Taking a look at the numbers behind the devastating pollution of the Ganga River. Image courtesy or World Bank Group.

TechSpan’s EnLite water quality monitoring application and HydroQ+ portal were customized for the project. Using the power of the cloud, IOT and big data, the solution taps into the robust s::can sensors already in use by the CPCB to provide measurements across 17 parameters — from chloride and fluoride levels to temperature and color.

To bring the full power of the cloud and Azure data-handling to the solution, TechSpan is using Azure IoT capabilities such as Azure Stream Analytics, in conjunction with SQL Server, table/blog storage integration and more.

The solution now includes 36 monitoring stations, spread across 2,500 kilometers and spanning four Indian states. Every 15 minutes, the stations send data to the Azure IoT Hub capturing live water quality measurements. In the coming weeks the board plans to roll out 24 more stations, with an eventual goal of 200.

The data is being used initially to enforce environmental policies that apply to Indian States with shores on the great river. The approach is solving a longstanding political problem around enforcement, where states have routinely blamed each other for pollution.

Through the real-time information being captured, the CPCB can clearly see which areas of the river are experiencing the most pollution, as well as the types of pollution present at each monitoring station. States with water quality levels falling outside established thresholds can face hefty fines or other incentives to drive adherence to water quality regulations.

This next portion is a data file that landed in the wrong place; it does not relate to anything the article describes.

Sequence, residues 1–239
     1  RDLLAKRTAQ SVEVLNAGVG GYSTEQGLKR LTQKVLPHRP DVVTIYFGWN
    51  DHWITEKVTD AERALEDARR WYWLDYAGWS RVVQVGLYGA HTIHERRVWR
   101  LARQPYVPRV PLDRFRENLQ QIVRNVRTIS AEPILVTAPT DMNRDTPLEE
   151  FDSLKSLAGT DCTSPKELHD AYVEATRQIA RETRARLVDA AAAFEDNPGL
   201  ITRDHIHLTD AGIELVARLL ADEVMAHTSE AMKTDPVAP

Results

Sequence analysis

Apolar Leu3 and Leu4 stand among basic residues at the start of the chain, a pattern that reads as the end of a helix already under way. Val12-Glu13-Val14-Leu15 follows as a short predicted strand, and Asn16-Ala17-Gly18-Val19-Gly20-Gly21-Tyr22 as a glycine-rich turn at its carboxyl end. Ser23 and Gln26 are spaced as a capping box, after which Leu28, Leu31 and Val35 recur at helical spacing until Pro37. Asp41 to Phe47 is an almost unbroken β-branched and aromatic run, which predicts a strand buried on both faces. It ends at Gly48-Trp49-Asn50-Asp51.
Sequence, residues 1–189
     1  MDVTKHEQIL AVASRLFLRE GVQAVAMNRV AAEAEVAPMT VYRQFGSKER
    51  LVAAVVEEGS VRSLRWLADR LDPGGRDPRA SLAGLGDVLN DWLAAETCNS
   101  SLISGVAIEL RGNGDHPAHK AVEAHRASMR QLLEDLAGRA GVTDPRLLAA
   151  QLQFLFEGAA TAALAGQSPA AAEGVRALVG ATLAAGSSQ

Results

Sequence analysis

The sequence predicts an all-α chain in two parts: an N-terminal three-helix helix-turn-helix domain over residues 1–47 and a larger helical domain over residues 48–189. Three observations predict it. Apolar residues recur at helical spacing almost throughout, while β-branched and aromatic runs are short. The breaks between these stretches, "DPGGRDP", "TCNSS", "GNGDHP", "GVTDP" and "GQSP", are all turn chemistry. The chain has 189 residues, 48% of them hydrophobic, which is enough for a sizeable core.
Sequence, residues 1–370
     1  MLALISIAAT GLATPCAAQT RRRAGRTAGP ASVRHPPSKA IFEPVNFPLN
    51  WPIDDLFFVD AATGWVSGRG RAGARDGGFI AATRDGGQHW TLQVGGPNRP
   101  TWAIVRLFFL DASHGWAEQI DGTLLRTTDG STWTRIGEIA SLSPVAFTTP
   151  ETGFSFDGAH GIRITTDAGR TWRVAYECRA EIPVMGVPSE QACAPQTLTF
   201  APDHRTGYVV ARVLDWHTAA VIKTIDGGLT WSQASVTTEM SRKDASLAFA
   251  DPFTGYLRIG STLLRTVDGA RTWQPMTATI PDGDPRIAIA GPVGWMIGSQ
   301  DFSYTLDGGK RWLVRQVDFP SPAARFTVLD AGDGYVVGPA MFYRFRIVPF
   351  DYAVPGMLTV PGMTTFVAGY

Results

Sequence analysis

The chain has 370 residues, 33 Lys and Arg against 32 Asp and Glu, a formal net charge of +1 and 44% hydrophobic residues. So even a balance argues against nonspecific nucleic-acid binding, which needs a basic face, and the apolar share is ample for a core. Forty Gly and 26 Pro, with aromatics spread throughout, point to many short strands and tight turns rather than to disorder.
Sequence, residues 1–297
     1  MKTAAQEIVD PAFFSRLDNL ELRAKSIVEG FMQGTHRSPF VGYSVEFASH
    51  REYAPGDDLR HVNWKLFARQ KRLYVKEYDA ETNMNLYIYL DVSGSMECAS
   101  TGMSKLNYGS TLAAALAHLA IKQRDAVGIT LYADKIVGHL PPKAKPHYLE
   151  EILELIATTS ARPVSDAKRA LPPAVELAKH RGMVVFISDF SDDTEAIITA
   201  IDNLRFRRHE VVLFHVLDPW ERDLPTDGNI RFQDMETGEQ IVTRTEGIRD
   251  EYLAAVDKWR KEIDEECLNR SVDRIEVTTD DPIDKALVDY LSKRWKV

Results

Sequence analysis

Along the way, the Indian government is collecting a vast supply of data on pollution trends, sources, chemical compositions and more. And as the board continues to build out its data-gathering capabilities, the system’s accuracy and effectiveness can be improved — through analytics, machine learning and bot-based solutions — to boost the potential of achieving a long-term win in the fight against pollution, for the Ganges and beyond.

With that goal in mind, the Azure-based solution from TechSpan has been made available to s::can—the Austrian firm is beginning to offer the technology globally so other companies can benefit from the innovation happening along the ancient shores of the Ganges.

It’s all part of how the near limitless adaptations of IoT can be used to solve the world’s most complex challenges. Monitoring the health of a river ecosystem across hundreds of miles may have seemed like an impossible task just a few years ago, but today IoT is creating a practical way for nations to care for these irreplaceable resources.

Tags: Azure IoT Hub, Azure Streaming Analytics, Central Pollution Control Board, CPCB, Ganges, India, s::can, TechSpan